Azangli pointed to the ground with the commanding presence of an emperor, and we quickly kneeled along with the other dozen or so Vodounons in front of the altar of crocodile skulls. He recited a prayer while our foreheads kissed the ground. The rest of the group remained silent.

A silver-haired woman wearing only a blue shawl around her waist handed me the bottle of sodabi. She moved about with the aging grace of royalty, appearing to be the high priestess of the sect; the spiritual queen to Azangli’s king. Tessi and I each took two sips, the first for ourselves, and the second to be spit out directly at the foot of the skulls.

She knelt before the altar and rolled the cowry shells to determine the fate of our visit. Azangli sat on his throne in silence while he anticipated the message of the gods.

She gave him a nod while she recited a prayer of gratitude in the Fon language. He returned the nod in our direction, speaking directly to us for the first time.

“You have no negative energy, and the Vodun spirits have welcomed you,” he said in a sonorous voice that echoed with a charismatic gravitas fit for a king.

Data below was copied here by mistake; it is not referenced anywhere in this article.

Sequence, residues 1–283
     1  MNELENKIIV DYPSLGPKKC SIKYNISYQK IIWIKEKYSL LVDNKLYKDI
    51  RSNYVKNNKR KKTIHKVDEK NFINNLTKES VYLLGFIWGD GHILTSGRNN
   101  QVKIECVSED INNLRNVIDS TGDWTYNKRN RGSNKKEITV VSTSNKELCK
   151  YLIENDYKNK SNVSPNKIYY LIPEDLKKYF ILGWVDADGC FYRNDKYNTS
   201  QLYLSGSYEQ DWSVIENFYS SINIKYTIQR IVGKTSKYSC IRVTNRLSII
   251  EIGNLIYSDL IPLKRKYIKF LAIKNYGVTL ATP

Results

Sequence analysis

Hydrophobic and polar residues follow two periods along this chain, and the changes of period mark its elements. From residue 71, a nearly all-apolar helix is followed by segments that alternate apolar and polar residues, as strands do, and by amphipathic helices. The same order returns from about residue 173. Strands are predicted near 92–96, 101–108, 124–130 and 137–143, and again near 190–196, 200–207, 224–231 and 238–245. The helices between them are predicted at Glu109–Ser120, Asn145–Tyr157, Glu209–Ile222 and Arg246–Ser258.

I was overcome with a mix of euphoria and relief. I looked back at Tessi to see his face lit up with a confident “I told you so” shine in his eye.

“What is it that you want?” Azangli continued. “Answer me, and we shall pray together.”

Azangli’s question was literal, and he expected a precise answer. The Vodounons stared back at me in silent curiosity as soldiers of Azangli’s spiritual realm.

For a moment in time, all energies possessed by the Vodounons in the tobossi-houe would be focused on the subject of my request. That my wish would be granted was taken as an absolute certainty.

It was the law of attraction; ask and you shall receive. Azangli sensed my ignorance, switching roles from monarchical sorcerer to Jedi philosopher; he was the human incarnate of Yoda crossed with Professor X.